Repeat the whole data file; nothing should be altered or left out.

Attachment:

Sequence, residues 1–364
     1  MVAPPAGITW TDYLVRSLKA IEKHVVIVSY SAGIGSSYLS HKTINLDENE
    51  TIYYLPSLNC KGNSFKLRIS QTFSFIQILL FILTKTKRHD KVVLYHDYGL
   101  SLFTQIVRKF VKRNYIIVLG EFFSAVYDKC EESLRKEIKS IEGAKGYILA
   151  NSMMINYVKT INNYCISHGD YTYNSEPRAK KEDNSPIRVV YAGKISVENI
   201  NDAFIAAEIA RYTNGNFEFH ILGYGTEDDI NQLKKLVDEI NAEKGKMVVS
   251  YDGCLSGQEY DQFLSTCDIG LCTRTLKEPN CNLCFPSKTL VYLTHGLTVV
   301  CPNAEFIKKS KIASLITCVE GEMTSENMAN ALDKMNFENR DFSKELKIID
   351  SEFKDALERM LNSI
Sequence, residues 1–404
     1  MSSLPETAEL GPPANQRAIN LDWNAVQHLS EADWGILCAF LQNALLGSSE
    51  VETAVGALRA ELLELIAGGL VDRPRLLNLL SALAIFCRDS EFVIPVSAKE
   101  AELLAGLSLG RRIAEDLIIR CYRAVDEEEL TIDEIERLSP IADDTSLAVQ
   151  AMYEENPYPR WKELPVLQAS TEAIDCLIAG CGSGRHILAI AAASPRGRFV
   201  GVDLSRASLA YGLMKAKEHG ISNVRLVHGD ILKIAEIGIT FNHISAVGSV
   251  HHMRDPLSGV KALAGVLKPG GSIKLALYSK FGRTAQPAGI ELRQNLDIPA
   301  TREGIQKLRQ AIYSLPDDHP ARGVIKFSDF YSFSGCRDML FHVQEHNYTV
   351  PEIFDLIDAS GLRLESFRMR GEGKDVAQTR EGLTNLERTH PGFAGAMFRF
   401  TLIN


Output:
Sequence, residues 1–364
     1  MVAPPAGITW TDYLVRSLKA IEKHVVIVSY SAGIGSSYLS HKTINLDENE
    51  TIYYLPSLNC KGNSFKLRIS QTFSFIQILL FILTKTKRHD KVVLYHDYGL
   101  SLFTQIVRKF VKRNYIIVLG EFFSAVYDKC EESLRKEIKS IEGAKGYILA
   151  NSMMINYVKT INNYCISHGD YTYNSEPRAK KEDNSPIRVV YAGKISVENI
   201  NDAFIAAEIA RYTNGNFEFH ILGYGTEDDI NQLKKLVDEI NAEKGKMVVS
   251  YDGCLSGQEY DQFLSTCDIG LCTRTLKEPN CNLCFPSKTL VYLTHGLTVV
   301  CPNAEFIKKS KIASLITCVE GEMTSENMAN ALDKMNFENR DFSKELKIID
   351  SEFKDALERM LNSI
Sequence, residues 1–404
     1  MSSLPETAEL GPPANQRAIN LDWNAVQHLS EADWGILCAF LQNALLGSSE
    51  VETAVGALRA ELLELIAGGL VDRPRLLNLL SALAIFCRDS EFVIPVSAKE
   101  AELLAGLSLG RRIAEDLIIR CYRAVDEEEL TIDEIERLSP IADDTSLAVQ
   151  AMYEENPYPR WKELPVLQAS TEAIDCLIAG CGSGRHILAI AAASPRGRFV
   201  GVDLSRASLA YGLMKAKEHG ISNVRLVHGD ILKIAEIGIT FNHISAVGSV
   251  HHMRDPLSGV KALAGVLKPG GSIKLALYSK FGRTAQPAGI ELRQNLDIPA
   301  TREGIQKLRQ AIYSLPDDHP ARGVIKFSDF YSFSGCRDML FHVQEHNYTV
   351  PEIFDLIDAS GLRLESFRMR GEGKDVAQTR EGLTNLERTH PGFAGAMFRF
   401  TLIN